FOFA’s fee disclosure rules and other new requirements are not driven by anti-planner sentiment, but by underlying motives of political self-preservation, according to a former Gillard government aide.
Former Citibank chief economist Stephen Koukoulas, who advised former Prime Minister Julia Gillard on economic policy from 2010 to 2011, said regulation of the advice sector had less to do with perceptions of the advice industry and more to do with safeguarding voters.
“From a politician’s perspective, they don’t want to see people losing money through poor investment advice, because even when it is not their fault, governments are often blamed when people lose any money,” Mr Koukoulas said.
“So with the regulation of advice…it’s not about politicians being out to demonise the industry, it’s about a blanket policy that stops people getting hurt, that’s what they are thinking when it comes to regulation.”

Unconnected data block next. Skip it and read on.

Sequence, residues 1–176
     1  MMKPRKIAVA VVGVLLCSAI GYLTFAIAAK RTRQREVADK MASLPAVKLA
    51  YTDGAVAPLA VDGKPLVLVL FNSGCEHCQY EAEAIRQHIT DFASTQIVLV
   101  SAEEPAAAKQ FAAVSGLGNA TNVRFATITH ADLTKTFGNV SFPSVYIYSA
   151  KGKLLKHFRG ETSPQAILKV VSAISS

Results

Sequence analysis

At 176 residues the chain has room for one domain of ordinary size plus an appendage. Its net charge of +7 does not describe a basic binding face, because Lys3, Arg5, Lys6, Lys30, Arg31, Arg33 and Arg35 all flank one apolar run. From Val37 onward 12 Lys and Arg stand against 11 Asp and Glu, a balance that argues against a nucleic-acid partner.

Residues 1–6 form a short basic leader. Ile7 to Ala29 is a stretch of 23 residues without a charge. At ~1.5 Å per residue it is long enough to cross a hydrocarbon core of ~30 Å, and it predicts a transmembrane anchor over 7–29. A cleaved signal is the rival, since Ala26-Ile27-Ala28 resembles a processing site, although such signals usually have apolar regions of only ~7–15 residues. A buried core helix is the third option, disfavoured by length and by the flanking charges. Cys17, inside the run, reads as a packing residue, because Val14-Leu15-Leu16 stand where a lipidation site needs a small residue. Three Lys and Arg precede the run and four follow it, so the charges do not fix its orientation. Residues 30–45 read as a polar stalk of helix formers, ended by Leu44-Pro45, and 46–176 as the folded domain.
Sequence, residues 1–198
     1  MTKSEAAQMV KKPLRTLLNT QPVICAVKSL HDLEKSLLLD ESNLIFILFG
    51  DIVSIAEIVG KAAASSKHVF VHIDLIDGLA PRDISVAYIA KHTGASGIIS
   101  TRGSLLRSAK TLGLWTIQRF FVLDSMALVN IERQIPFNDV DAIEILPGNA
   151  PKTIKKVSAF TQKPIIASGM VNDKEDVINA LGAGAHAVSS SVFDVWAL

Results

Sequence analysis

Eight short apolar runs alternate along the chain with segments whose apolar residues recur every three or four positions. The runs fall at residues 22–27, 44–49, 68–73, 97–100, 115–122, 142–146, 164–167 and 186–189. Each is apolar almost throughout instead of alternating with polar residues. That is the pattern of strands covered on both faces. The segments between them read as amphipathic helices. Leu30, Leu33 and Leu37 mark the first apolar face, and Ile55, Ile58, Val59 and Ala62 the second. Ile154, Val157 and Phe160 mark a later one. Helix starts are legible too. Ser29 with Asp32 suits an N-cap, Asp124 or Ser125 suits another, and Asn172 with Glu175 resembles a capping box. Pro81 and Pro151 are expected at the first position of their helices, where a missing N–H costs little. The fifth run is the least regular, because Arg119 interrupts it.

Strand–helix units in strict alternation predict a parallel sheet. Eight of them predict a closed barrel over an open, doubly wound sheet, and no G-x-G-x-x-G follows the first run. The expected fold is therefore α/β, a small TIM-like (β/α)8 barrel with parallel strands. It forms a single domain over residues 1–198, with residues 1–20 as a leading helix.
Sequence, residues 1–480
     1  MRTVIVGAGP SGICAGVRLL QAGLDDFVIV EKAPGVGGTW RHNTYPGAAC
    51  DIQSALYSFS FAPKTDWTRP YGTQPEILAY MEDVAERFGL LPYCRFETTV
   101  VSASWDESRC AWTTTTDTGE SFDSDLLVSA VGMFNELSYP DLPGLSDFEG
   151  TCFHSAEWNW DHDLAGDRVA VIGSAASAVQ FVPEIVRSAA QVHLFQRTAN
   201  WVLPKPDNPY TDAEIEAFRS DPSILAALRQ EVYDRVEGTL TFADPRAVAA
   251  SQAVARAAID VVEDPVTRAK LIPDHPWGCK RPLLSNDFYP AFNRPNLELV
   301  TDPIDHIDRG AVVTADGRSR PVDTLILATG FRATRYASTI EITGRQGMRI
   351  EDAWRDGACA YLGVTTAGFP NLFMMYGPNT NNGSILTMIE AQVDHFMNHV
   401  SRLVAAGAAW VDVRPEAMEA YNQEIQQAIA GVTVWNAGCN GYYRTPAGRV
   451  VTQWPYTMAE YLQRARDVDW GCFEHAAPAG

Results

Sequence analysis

More broadly, the economist said Australia was entering an environment advantageous to professional financial advisers.
“With an ageing population and a compulsory superannuation system, Australians are increasingly going to need some form of professional advice, even self-managed super funds need external advisers,” he said. “Increasingly you must have advice and someone managing your money.”
"Financial services has recovered nicely from the [global financial crisis] and the future looks good.
“We are entering a low interest rate environment, not only with this rate cut – I think that is going to continue for some time – which means people need to think about low-risk ways of maximising their returns and an adviser can help with that.”
Mr Koukoulas will be speaking at the upcoming Wraps, Platforms and Masterfunds conference. For more information please go to www.masterfundsconference.com.au
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